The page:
Best way to set up a pico to catch an intermittent?

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Best way to set up a pico to catch an intermittent?

Postby hexibot43 » Wed Oct 24, 2012 4:37 pm

I'm still learning this beastie. I've got a 4423 Automotive scope that I'm using to death. I've got a car, a 2006 Dodge Status 2.4l AT that is giving me some grief. I'm getting a P0335 crankshaft position sensor circuit failure. A new Standard Brand (not OEM) crank sensor has already been installed. This vehicle rarely exhibits it's problem. Most of the time when cold. By definition this code states that the ecm hasn't seen a crank sensor signal while 8 cam sensor signals have come and gone.

Currently I've set my scope up with three channels. One for the signal line, one for the 5 volt reference line, and one for the ground line. I've set the time division to 20ms, and the sample rate to 200MS. With this I get 32 screens of data. I believe the problem is bad enough when it is happening to get caught with that sample rate. I also used pulse width based triggering off the signal line. The signal has a repetitive long pulse width that allowed me to lock this pattern in really good.

I need to get in this car and crank it to see the problem.

How best to catch this? How would you set this up to catch it? I am thinking the first thing I'm going to need to do is change my trigger. It worked good for looking at a good signal, but will probably be prohibitive in looking at what I hope is a bad pattern.

Would you start the scope running. Wait for the 32 screens to be filled, and then crank away? When would you freeze the recording? Hopefully it won't start right away. So the moment it starts running while cranking hit stop?

Thanks,

Marcello
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Re: Best way to set up a pico to catch an intermittent?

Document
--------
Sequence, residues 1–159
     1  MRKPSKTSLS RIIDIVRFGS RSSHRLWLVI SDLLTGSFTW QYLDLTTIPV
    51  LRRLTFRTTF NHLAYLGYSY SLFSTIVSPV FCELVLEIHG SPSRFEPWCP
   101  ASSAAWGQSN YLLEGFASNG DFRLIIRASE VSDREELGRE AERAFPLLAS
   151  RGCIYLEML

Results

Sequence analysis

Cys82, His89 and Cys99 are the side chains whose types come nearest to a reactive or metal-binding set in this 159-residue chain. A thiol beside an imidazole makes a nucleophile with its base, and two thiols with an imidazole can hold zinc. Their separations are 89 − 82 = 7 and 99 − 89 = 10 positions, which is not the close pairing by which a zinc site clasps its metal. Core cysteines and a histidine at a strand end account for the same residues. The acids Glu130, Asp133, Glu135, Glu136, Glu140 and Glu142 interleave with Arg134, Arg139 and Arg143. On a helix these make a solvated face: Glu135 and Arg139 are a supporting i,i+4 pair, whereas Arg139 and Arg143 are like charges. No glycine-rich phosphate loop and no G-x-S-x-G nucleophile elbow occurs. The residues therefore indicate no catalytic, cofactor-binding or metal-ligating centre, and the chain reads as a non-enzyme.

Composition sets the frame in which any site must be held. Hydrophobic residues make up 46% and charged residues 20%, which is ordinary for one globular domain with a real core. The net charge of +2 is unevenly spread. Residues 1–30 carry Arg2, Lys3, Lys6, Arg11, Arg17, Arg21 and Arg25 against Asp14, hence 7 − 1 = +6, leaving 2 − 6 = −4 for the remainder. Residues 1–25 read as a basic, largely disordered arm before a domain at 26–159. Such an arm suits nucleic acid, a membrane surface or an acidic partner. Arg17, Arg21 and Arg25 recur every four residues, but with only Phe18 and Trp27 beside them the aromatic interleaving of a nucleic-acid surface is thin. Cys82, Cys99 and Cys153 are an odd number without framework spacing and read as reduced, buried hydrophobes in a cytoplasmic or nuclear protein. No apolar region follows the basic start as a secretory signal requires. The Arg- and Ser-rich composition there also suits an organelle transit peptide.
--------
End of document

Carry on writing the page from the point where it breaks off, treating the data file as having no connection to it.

Postby Avdr » Wed Oct 24, 2012 4:56 pm

I would set the trigger up so that a window trigger was used. Whereby if there was no voltage between the thresholds for x ms, it would trigger the capture.

Use 'Window Pulse Width' and set voltage for say 1v lower and 10v upper - you may have to play about with ranges to account for noise.
You can work out how long to make x, by first looking at the time length the signal spends in each voltage state under normal conditions for a known rpm, and then multiply for number of teeth and crankshaft revolutions required for code to be set.

Try 50% for the trigger offset.

You don't have a bad connection somewhere, do you?
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Re: Best way to set up a pico to catch an intermittent?

Postby Robski » Wed Oct 24, 2012 5:36 pm

This vehicle rarely exhibits it's problem. Most of the time when cold


Does that statement mean it mainly faults from a cold start ?

Post a capture of one complete revolution of the crank to see the complete signal .

When open circuit does the signal voltage stay high or low ?
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Re: Best way to set up a pico to catch an intermittent?

Postby hexibot43 » Wed Oct 24, 2012 11:06 pm

It looks to me to be a bad sensor. I've changed it, and it is running without fault. I'm going to let it sit the rest of the day and restart it again. Honestly I'm not really looking for help at figuring out what's wrong with the car. I'm looking for help as to the best way to set the scope up to catch it. It does seem that setting the sample rate much lower helped me catch this much easier. I have to get over wanting to set the sample rate as high as I can. It did allow me to catch the problem without any help from anyone else. I set the scope up...walked over and cranked the car. When it finally started I ran over and stopped the capture. With 32 screens I was able to go back and see it. I didn't think I was going to be able to go back and catch it but I was. It was about 15 screens back, so perhaps I could have walked instead of run.